DEP also produces the list of “impaired waters” in MA, for the EPA as required under the Clean Water Act. According to DEP’s assessment Silver Lake is impaired for “Fish, other Aquatic Life and Wildlife”. They also list that the Jones River flowing out of Silver Lake is impaired in terms of Aesthetics, Fish and Wildlife, and Recreational contact. The specific impairments include low dissolved oxygen, excess algae growth, turbidity, and others. DEP cites the “source” of all of these impairments as “Flow Alterations from Water Diversions”. That’s right. The Jones River suffers from all of those things for one very specific reason – not the drought, not Kingston’s water use, not climate change, or roads, or stormwater, or acid rain, or the price of tea in China – it’s because Brockton takes too much water out of Silver Lake.

Mother Nature can’t fix this. So who will? The City of Brockton? MA DEP? The Water Resources Commission? The Legislators? Rep Tom Calter has already held public information sessions and has promised legislative action if Brockton and DEP do not address the issues by the end of 2016. The Jones River Watershed Association has been working on this for 30 years, we and EVERYBODY know that these essential resources of the Commonwealth need to be restored NOW.
Still finding this too hard to believe? Here are some frequently asked questions: Brockton Water Supply: Frequent Questions & Comments

Want more information or want to get involved?
Contact Alex or Pine at JRWA info@jonesriver.org 781-585-2322.


Silver Lake in Pictures…

At the Monponsett Pond diversion at Plympton/Halifax townline, Silver Lake is losing about an inch of elevation every day. Around the lake this equals many additional feet of lakebed exposed daily, and slow moving animals – especially the freshwater mussels that clean the lake water of nutrients – cannot keep up with the rapidly receding shore and die. Shallow water temperature in September and early October were extremely hot which caused major stress on these important natural resources.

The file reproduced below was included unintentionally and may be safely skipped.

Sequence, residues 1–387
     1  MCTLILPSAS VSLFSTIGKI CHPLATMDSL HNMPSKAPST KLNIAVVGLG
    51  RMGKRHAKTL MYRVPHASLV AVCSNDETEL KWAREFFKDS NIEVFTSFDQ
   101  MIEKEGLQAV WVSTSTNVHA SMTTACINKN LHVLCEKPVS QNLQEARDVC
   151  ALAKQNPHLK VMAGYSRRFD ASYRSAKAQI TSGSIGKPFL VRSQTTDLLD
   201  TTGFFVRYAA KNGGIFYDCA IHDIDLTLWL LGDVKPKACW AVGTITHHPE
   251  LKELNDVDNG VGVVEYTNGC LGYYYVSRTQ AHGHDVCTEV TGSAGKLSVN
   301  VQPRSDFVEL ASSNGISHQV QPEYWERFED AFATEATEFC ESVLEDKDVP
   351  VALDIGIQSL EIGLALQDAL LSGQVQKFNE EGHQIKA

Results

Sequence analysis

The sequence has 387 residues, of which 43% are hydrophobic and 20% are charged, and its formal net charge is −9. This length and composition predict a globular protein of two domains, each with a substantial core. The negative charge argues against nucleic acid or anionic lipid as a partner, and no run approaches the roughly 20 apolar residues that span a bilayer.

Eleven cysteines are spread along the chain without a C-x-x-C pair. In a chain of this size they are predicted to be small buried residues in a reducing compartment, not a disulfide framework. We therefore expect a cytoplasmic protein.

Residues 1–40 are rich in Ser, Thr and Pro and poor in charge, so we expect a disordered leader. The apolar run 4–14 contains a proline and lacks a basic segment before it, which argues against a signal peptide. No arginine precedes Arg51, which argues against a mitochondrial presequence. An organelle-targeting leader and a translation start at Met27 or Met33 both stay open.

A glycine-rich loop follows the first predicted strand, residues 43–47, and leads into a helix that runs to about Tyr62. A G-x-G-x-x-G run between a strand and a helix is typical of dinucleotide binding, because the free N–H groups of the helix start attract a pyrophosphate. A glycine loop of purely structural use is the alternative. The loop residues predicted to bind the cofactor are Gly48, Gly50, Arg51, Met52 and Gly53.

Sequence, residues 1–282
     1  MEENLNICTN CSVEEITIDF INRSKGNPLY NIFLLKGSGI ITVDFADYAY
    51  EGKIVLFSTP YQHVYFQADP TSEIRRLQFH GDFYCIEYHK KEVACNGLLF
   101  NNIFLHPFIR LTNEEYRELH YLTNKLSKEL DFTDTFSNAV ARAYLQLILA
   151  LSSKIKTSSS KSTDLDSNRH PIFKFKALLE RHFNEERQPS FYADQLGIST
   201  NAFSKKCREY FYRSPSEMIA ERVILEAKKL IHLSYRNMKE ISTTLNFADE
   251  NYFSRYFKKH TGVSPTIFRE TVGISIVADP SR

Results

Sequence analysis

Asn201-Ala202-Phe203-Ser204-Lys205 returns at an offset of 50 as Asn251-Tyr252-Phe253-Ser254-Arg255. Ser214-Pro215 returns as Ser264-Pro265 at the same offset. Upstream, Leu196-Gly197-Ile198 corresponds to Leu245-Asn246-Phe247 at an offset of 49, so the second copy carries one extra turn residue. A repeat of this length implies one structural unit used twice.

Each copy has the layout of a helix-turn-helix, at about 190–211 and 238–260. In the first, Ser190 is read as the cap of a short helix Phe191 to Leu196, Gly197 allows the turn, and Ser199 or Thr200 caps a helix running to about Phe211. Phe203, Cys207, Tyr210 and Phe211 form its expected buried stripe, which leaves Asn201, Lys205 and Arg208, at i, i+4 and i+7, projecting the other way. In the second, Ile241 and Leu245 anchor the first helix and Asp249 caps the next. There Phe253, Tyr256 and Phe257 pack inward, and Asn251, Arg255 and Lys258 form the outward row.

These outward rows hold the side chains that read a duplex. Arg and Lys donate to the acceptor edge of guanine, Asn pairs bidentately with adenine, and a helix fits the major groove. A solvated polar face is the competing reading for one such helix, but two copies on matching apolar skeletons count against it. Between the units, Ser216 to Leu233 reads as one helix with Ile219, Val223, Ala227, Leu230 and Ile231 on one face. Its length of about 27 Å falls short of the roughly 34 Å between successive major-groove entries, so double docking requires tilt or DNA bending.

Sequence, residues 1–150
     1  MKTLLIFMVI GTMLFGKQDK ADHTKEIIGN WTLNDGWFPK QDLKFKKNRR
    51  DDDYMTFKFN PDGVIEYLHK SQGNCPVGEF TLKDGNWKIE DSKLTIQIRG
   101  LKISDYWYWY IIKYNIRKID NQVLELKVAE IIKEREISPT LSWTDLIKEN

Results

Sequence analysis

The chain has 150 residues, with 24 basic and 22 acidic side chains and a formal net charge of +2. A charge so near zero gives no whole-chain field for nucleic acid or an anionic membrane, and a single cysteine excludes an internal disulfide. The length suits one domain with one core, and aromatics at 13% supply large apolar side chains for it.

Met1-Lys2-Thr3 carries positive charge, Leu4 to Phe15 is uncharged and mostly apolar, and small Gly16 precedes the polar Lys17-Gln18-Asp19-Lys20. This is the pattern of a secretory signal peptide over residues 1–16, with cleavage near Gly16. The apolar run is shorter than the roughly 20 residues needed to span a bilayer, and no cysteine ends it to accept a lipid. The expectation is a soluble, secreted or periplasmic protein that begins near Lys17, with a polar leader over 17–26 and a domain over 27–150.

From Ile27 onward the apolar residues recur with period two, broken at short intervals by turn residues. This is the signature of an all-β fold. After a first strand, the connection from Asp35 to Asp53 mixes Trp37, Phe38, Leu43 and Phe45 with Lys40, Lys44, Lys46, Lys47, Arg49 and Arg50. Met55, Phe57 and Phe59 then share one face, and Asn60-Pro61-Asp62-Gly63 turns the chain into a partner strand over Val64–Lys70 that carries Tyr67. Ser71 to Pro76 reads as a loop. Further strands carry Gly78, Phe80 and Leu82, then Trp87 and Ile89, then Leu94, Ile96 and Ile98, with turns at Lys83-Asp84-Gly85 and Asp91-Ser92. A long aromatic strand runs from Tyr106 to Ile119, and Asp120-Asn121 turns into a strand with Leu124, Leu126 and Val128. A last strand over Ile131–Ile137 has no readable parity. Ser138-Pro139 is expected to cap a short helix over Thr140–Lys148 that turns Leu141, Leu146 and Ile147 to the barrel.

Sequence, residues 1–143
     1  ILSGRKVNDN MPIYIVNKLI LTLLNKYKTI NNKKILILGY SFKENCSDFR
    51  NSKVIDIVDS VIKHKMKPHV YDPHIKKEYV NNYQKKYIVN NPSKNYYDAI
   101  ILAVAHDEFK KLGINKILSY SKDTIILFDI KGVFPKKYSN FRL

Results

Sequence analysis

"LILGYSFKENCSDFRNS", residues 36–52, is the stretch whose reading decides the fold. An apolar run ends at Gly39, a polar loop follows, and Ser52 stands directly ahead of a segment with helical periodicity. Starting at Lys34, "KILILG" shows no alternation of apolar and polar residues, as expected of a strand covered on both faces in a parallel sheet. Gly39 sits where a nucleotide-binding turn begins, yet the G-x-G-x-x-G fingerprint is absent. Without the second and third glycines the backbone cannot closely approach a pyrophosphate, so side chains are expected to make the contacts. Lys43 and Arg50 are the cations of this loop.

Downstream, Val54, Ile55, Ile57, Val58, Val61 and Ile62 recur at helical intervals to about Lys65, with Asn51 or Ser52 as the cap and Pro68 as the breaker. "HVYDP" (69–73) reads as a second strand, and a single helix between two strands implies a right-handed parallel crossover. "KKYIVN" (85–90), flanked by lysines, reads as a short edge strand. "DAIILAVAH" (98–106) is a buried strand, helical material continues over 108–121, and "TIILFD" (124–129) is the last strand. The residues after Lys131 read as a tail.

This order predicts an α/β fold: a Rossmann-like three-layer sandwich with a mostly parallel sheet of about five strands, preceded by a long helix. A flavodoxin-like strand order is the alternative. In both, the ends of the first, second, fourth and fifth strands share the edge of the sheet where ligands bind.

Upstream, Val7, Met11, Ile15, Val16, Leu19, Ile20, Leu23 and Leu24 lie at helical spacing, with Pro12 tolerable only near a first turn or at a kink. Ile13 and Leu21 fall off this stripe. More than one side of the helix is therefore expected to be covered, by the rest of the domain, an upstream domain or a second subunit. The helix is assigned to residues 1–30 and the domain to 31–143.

January 2017:
Even after all of the precipitation and subsequent meltdown Silver Lakes exposed lake bed area has increased to 315′ from the seasonal high water mark! Photos courtesy of Mark Sotir.


Late December 2016:
Death toll rises as Silver Lake approaches draw down of 100 inches. Photos courtesy of Mark Sotir.


Mid December 2016:
Pembroke shore of Silver Lake – thousands of mussels and Red belly turtle shown dead. Silver Lake now down 8 feet. No relief in sight. Photos courtesy of Mark Sotir.


October 2016:
It is difficult to tell from these pictures how significant the flow is coming into Silver Lake from Monponsett Pond. This video captures it more clearly. We did a series of volume/time measurements on October 25th, and calculate the flow at ~150,000/day.